We are all appalled by what we see in the Press and on our screens about migrants and their journeys particularly when they are unaccompanied children. Hearing about these journeys and the reasons for them leaving their own country first hand is an extraordinary experience.
When a young person arrives in this country if there is any doubt about their age they must be treated as a child. People are always keen to mention those they have read about who are actually proved to be over eighteen but the reality is that sometimes it is the other way round.
An Age Assessment is required if UASCs have arrived with no identification documents to prove their age. In West Sussex the Home Office relies on Social Workers from the Gatwick Duty Team to interview them to establish how old they are as well as acquiring any additional information that may be needed.
An Appropriate Adult is an independent person who is there to support the young person, make sure that they understand the reason for the interview, that they are not caused unnecessary distress by the questioning, have breaks when needed and are made aware that they are entitled to legal advice. It is also the responsibility of the AA to ensure that the Social Workers are acting properly and fairly.
Sometimes we meet for the first time shortly before the interview along with their interpreter. This gives me a chance to explain my role and to try to put them at ease, although inevitably some are anxious. On other occasions I collect them from where they are housed. Some are keen to show how much English they have learnt since their arrival (often from the television) others speak no English but I endeavour to communicate and be friendly. The interpreters of course speak their language and are sometimes from their country which is reassuring for the young person. I have learnt to check whether they have eaten breakfast (sometimes) and whether they have brought any money for lunch (which they rarely have) and so started taking extra fruit or something that might keep them going.
The interview itself follows a set format. Once the Social Workers have introduced themselves and explained the purpose of the interview, then taken photographs, they ask whether there are people or authorities who they should not contact because it might endanger them or their family. One of the first questions is when they were born and how do they know that is the correct date (birthdays aren’t celebrated in many of the countries they are from). Next are enquiries about their family, where they lived, their schooling and whether anybody would have anything that proves their date of birth. While one social worker is asking questions the other is typing the whole interview verbatim. There follow questions about why they chose to leave or why they had to leave, the countries they crossed to reach a port or airport, who transported them, how they travelled and with whom. Inevitably this can rekindle painful memories, as many have survived or witnessed unimaginable atrocities but the Social Workers are always sympathetic and prepared to have a break if it is needed. The journey to Europe has often cost a huge amount for an extremely perilous crossing.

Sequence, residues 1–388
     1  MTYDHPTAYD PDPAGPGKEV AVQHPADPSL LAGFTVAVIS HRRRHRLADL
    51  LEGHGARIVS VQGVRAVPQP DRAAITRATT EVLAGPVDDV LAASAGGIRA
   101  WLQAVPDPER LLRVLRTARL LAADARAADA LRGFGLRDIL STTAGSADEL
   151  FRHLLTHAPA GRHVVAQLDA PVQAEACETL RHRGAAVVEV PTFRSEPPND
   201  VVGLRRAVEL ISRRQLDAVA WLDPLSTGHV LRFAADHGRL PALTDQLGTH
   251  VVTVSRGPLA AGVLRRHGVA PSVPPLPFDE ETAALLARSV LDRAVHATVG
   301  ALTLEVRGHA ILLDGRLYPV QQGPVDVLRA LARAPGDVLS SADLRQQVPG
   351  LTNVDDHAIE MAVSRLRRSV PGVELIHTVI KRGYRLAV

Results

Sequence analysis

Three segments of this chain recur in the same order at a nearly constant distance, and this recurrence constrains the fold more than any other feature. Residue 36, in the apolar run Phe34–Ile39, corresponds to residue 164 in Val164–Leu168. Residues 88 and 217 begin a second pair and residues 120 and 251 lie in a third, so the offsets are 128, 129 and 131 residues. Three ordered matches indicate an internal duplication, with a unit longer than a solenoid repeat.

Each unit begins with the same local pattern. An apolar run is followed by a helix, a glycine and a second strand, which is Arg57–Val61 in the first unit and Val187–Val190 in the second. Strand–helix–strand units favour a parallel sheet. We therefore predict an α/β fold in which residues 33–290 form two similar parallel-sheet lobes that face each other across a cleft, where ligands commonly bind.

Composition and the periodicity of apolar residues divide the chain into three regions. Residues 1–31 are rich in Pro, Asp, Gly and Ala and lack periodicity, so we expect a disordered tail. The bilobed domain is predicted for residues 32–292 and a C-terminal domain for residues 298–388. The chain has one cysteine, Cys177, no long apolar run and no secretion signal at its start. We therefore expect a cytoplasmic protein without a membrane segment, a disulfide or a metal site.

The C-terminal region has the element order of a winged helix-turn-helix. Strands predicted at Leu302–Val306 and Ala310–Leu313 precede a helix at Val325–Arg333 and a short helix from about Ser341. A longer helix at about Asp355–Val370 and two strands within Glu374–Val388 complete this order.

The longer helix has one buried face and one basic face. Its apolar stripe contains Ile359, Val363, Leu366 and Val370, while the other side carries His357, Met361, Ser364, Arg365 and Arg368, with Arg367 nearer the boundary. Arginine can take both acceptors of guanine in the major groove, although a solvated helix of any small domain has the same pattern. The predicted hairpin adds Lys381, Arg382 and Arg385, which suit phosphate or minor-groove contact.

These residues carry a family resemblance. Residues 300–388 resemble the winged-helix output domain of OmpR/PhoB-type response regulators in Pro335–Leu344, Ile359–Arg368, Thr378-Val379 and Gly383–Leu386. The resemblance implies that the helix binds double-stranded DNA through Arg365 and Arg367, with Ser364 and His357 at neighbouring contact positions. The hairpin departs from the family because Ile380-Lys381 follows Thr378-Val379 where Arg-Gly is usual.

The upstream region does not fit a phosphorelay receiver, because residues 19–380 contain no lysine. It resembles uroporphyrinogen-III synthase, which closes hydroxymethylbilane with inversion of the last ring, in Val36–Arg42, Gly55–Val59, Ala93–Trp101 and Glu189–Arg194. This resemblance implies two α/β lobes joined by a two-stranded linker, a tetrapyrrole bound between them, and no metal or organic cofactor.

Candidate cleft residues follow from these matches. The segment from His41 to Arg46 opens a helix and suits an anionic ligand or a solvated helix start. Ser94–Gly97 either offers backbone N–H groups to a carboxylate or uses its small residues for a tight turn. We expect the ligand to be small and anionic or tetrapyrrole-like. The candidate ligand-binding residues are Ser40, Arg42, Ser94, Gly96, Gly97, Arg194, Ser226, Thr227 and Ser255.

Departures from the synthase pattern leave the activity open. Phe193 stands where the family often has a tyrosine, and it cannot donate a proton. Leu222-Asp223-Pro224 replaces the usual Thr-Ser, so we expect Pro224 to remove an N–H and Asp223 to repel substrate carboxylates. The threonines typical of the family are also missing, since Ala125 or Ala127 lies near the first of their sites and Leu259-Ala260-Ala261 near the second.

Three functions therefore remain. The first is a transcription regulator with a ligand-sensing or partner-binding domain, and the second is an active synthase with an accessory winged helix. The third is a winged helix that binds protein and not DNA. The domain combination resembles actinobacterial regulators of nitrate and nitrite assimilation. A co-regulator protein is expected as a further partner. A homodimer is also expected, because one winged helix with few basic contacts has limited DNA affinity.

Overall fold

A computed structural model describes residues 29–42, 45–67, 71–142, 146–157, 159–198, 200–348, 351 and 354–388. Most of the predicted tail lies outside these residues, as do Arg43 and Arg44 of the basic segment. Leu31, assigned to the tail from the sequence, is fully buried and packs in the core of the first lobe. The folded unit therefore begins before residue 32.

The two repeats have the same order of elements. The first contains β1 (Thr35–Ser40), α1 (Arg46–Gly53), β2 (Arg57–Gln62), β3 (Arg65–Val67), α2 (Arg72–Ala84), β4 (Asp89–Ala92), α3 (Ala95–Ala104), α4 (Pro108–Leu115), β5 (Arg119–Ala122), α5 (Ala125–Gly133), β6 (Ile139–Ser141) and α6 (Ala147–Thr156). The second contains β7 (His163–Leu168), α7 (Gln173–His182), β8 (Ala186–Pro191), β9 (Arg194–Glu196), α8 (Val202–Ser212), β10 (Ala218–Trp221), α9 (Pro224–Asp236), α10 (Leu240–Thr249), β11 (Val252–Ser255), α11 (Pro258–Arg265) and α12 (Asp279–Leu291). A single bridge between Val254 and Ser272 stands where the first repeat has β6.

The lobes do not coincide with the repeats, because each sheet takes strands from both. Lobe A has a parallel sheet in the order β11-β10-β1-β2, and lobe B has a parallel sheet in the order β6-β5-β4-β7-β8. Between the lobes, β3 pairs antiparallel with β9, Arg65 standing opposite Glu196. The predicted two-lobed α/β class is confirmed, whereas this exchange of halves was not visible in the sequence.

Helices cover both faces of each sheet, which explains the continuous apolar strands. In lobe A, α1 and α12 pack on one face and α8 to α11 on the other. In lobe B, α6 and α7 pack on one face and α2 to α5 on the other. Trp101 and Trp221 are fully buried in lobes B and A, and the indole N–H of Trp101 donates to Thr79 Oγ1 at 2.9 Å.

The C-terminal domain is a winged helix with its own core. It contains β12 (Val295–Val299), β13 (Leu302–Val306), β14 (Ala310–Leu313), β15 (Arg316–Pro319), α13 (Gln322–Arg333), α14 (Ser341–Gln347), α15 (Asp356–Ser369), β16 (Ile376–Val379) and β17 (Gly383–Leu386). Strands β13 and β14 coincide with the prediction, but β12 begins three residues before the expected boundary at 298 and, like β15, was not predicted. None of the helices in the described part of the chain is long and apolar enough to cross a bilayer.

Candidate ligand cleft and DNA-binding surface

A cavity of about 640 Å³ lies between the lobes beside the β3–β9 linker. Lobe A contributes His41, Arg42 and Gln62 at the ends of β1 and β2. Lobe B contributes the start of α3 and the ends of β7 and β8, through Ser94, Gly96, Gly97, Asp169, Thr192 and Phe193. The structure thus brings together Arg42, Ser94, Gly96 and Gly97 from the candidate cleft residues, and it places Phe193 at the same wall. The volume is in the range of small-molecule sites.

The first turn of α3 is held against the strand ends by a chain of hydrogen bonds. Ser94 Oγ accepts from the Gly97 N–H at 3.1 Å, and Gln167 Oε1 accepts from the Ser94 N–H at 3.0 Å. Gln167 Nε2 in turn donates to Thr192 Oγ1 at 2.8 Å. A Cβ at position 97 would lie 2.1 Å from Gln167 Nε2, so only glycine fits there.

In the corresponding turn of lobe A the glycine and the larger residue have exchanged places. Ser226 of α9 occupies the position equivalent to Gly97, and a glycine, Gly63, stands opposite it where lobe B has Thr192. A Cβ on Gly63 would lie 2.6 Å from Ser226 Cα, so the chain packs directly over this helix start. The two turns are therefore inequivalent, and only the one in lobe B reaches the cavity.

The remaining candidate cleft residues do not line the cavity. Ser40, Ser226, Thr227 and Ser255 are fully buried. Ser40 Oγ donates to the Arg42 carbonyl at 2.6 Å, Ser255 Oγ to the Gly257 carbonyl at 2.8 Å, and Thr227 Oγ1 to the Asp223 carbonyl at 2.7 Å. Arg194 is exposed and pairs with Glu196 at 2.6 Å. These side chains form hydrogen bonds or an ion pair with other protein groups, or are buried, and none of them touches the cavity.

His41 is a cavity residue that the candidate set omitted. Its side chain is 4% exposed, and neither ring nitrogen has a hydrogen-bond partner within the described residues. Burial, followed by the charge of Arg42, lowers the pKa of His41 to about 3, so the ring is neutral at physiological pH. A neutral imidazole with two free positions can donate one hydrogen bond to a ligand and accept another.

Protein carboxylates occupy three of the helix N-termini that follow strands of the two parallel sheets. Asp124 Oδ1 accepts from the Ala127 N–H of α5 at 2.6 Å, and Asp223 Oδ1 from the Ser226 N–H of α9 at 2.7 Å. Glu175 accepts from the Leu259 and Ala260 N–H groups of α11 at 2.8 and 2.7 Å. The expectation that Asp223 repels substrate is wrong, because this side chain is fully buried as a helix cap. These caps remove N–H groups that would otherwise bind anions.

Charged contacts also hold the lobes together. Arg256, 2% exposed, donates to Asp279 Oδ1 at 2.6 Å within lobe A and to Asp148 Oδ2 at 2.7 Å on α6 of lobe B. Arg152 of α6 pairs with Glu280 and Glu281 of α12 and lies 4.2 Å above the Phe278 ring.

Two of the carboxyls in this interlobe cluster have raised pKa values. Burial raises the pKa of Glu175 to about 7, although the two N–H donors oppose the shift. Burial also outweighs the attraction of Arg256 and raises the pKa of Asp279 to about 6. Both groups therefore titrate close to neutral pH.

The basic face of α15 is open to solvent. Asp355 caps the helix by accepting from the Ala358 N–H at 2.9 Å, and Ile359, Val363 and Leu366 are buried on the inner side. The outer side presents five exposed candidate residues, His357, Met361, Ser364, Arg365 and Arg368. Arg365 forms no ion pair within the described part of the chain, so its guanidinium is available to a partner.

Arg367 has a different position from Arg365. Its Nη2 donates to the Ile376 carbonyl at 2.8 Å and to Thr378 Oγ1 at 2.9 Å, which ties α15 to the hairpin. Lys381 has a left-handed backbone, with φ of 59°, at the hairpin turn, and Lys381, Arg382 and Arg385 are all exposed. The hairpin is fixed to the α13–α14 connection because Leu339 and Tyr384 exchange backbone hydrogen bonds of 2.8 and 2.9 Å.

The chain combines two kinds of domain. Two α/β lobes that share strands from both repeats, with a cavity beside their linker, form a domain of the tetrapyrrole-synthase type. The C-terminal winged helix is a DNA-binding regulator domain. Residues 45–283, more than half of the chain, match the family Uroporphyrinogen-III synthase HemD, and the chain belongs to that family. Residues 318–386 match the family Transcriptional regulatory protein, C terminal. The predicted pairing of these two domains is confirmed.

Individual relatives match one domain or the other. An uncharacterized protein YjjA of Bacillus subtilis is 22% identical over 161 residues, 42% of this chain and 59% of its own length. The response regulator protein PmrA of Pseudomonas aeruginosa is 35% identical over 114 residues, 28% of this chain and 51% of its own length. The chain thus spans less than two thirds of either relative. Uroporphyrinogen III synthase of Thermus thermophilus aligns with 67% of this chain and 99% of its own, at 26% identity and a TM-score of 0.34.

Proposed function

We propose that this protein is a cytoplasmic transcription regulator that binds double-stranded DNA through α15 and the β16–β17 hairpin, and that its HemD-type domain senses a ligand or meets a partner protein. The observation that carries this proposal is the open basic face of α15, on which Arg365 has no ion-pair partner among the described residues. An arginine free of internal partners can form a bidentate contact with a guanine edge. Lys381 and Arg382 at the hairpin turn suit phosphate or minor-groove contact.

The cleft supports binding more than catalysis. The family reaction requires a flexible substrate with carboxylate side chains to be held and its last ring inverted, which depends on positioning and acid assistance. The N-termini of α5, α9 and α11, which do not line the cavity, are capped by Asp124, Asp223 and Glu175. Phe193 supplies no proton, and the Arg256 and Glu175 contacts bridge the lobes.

Once in Europe they are held in Asylum Centres where they may well have had some sort of Age Assessment. Every individual’s experience is different, some have spent time in Italy before travelling without tickets on trains up to Calais, others have been in Germany, other towns in France or Belgium. There are those who have made many attempts to hide in a lorry to cross the Channel and eventually succeeded.
There is an enormous amount of work going on behind the scenes trying to establish the veracity of their accounts. Sometimes the assessment will be halted for a few hours, days or even weeks for information to be sought from the authorities in other countries. The interview might be over in a day or it may take two or three. Sometimes they may want time to pray which involves finding an empty room – not always easy. The interpreters are of course essential even if the young person speaks good English. It is too important to risk any misunderstandings and they are often a great help to the UASCs who don’t know that fighting in the street as they did at home or running away from the police could get them into serious trouble here.
It is often a draining experience especially when I feel unhappy about the final decision but the Social Workers are doing their job and I have to remind myself that they have additional information and that I am there as an AA. In spite of this and hearing heart-breaking and harrowing accounts of their lives, I feel privileged to have met such resilient, determined and charming young people.